Monday, January 23, 2012

All-white blackbird is now four-years old

This unusual blackbird is attracting bird watchers to a Nottinghamshire country park. The bird is leucistic, which is a genetic mutation that prevents pigments from being deposited normally in its feathers. It has been residing for the last four years in the woodland of Rufford Abbey Country Park.

Each year, observers say, it has steadily shed its black feathers for white feathers. Park rangers took this picture of the blackbird - which is now completely white with no visible pigmented feathers - in the summer of 2011.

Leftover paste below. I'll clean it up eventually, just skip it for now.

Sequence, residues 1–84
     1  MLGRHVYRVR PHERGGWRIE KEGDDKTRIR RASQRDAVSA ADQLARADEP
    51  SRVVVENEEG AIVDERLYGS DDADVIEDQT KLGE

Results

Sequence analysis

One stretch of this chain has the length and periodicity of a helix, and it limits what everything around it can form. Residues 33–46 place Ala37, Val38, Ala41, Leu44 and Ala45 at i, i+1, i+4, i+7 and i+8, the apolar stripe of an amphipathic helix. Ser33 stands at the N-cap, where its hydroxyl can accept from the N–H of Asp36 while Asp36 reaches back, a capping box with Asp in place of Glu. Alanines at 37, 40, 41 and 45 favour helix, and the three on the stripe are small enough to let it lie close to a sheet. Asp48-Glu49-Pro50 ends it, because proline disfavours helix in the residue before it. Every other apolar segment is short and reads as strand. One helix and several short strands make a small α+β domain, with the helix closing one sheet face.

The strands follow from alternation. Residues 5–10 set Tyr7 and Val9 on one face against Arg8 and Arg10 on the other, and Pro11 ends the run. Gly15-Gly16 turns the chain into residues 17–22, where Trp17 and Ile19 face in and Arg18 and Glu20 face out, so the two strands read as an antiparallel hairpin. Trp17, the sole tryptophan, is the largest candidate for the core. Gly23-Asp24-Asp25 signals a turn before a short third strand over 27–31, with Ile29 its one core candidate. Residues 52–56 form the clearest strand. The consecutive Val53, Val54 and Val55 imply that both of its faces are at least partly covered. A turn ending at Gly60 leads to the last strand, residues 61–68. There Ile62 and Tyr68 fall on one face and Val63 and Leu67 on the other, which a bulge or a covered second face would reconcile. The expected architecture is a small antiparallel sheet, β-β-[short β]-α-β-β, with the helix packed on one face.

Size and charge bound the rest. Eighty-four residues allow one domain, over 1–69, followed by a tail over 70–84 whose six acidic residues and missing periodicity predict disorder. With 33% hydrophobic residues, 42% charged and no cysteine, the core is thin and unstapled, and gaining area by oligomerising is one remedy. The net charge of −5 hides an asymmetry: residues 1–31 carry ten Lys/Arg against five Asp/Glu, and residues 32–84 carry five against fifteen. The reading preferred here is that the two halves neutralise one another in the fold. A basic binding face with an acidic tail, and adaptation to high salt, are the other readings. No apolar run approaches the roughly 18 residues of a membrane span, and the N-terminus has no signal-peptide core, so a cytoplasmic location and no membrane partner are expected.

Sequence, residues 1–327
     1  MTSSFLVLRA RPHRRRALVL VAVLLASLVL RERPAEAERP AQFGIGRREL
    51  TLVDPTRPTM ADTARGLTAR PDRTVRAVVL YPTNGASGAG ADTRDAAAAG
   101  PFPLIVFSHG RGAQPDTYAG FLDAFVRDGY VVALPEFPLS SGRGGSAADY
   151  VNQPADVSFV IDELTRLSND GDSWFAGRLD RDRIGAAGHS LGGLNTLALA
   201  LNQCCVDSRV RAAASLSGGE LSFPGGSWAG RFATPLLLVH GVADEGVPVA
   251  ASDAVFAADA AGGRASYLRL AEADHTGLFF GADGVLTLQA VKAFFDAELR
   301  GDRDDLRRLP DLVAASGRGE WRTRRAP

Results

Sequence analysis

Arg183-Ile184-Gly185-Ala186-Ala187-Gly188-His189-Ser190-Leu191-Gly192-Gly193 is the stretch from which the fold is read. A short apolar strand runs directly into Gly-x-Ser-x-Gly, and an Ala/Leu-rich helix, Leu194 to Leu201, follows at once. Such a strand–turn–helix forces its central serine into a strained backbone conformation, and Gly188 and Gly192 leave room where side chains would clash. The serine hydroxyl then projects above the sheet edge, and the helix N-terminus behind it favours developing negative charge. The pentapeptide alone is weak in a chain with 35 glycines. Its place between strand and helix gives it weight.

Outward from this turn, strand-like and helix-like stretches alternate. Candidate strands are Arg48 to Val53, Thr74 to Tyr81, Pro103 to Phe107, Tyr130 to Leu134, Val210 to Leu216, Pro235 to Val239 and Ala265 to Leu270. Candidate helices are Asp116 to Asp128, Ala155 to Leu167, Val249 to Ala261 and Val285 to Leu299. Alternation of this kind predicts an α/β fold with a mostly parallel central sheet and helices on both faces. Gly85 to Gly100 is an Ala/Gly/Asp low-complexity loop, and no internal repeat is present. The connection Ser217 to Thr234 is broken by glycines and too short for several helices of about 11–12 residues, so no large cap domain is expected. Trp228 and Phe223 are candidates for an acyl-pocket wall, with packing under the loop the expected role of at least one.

Leucistic birds are often very vulnerable to predators, because of their bright white plumage. So the park's managers are urging birdwatchers to keep an eye out for this unusual blackbird. Site manager John Clegg said: "This bird has been steadily turning whiter over the years and last summer it was completely white.

YouTube link.

"It has become quite a character at the park in recent years. It tends to appear in the warmer months and we have not seen it for a few months but hope it will return here soon." Most leucistic birds have some spots or patches of colouration in their feathers from other pigments, so this is a particularly unusual specimen.

1 comment:

Ratz said... is a photo of a leucistic egyptian goose who turned up at my local pub.